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Tenure track of Agrohydrology and Biophysical Modelling

27.09.2016 - Department of Plant and Environmental Sciences, Faculty of Science, University of Copenhagen

Department of Plant and Environmental Sciences invite applications for an associate/assistant professor position within the field of Agrohydrology from [approx. beg. 2017] or as soon as possible thereafter.

Job description

The applicant will be attached to the Agrohydrology research group at the Department of Plant and Environmental Sciences, Faculty of Science, University of Copenhagen.

The main tasks will be to conduct research, including scientific publication and communication, within the field of soil physics and soil-plant-atmosphere processes, to perform research-based teaching, and to participate in examinations. Focus is on quantification of processes and biophysical mechanistic modelling. The Faculty of Sciences requires the tenure track to develop the above academic field in relation to both research and teaching/education.

The applicant is also expected to participate in knowledge exchange with society, to lead a research area, to participate in Faculty of Sciences´ innovation program, and to provide guidance of students at BSc, MSc and PhD levels.

Job requirements

The successful applicant will have scientific qualifications within modelling of one or more of the following areas:
• The vertical and lateral transport of water, solutes (not least nutrients and pesticides) and particles,
• The effect of tillage on soil hydraulics and transport properties,
• Effects of soil biological, chemical and physical properties and processes on soil structure and transport processes,
• Interactions between plant growth, soil physical processes, and water and solute dynamics in the soil (including climate change aspects).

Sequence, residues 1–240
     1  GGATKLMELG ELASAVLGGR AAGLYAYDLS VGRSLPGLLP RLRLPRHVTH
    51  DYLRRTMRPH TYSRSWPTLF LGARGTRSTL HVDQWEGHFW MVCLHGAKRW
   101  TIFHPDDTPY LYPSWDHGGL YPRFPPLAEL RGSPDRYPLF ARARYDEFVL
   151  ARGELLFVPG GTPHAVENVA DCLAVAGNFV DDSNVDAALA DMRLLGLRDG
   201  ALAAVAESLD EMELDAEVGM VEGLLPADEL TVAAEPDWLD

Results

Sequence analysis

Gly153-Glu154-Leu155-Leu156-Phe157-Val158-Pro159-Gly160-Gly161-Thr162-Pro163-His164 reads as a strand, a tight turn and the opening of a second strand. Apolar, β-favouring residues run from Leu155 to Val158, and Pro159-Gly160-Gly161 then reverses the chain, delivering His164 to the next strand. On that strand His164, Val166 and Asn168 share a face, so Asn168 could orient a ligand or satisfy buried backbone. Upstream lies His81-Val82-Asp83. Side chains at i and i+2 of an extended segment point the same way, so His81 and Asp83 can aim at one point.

• Gas exchange between the soil/canopy system and the atmosphere (in particular CO2 and water) and coupling and feedbacks between soil and atmospheric processes.

The Agrohydrology group is responsible for the soil-plant-atmosphere-model “DAISY”, and an important task will be to coordinate and support the maintenance and further development of this model, as well as its use in research and in the public domain. This has to be done in cooperation with relevant researchers in related fields within and outside the Department. Hence, it is a requirement that the applicant has demonstrated ability in the quantification and mathematical modelling of soil-plant-atmosphere processes.

About PLEN

The vision of PLEN is to provide solutions for future challenges such as feeding an increasing human population while climate change and pollution threaten to reduce the available land. The nine sections of the department form the basis for cross-disciplinary research activities that will produce a better understanding of basic molecular processes and ecological functions of organisms and the role of these organisms within their ecosystems. Fundamental studies of plant responses to abiotic and biotic stresses, and the interplay between soil, water and pollutants in the environment, form the core platform for the development of sustainable biological production systems and support human activities that will ensure a stable and secure environment. The agrohydrology group has an impressive track record in the field of preferential transport and modelling of water, carbon, nitrogen and pesticide dynamics. Ongoing work includes the dynamics in imperfectly drained soils and effects of tillage on hydraulic properties of soil. The broad expertise available at PLEN provides possibilities for future developments in several fields, for example dissolved organic carbon, phosphorus dynamics in plant and soil, transport and transformations of several other compounds or microorganisms. At the same time, it should be attempted to move technologies closer to practical use through emphasis on data assimilation and use of models in decision support.


Professor Merete Styczen
University of Copenhagen
Department of Plant and Environmental Sciences
Section: Environmental Chemistry and Physics, the Agrohydrology group

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